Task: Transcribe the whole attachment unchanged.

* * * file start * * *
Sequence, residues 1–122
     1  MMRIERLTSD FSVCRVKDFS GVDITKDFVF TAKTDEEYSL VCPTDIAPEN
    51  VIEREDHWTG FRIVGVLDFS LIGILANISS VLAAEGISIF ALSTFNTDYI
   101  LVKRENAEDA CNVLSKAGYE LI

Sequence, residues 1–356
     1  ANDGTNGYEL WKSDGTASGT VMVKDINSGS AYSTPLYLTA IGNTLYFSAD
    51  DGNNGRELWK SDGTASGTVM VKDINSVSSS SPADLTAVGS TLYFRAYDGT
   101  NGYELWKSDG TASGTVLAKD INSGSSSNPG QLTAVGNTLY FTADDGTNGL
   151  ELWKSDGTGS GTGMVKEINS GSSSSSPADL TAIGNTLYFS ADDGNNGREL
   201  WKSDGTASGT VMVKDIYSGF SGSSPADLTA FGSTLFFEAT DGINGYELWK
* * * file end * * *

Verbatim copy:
Sequence, residues 1–122
     1  MMRIERLTSD FSVCRVKDFS GVDITKDFVF TAKTDEEYSL VCPTDIAPEN
    51  VIEREDHWTG FRIVGVLDFS LIGILANISS VLAAEGISIF ALSTFNTDYI
   101  LVKRENAEDA CNVLSKAGYE LI

Sequence, residues 1–356
     1  ANDGTNGYEL WKSDGTASGT VMVKDINSGS AYSTPLYLTA IGNTLYFSAD
    51  DGNNGRELWK SDGTASGTVM VKDINSVSSS SPADLTAVGS TLYFRAYDGT
   101  NGYELWKSDG TASGTVLAKD INSGSSSNPG QLTAVGNTLY FTADDGTNGL
   151  ELWKSDGTGS GTGMVKEINS GSSSSSPADL TAIGNTLYFS ADDGNNGREL
   201  WKSDGTASGT VMVKDIYSGF SGSSPADLTA FGSTLFFEAT DGINGYELWK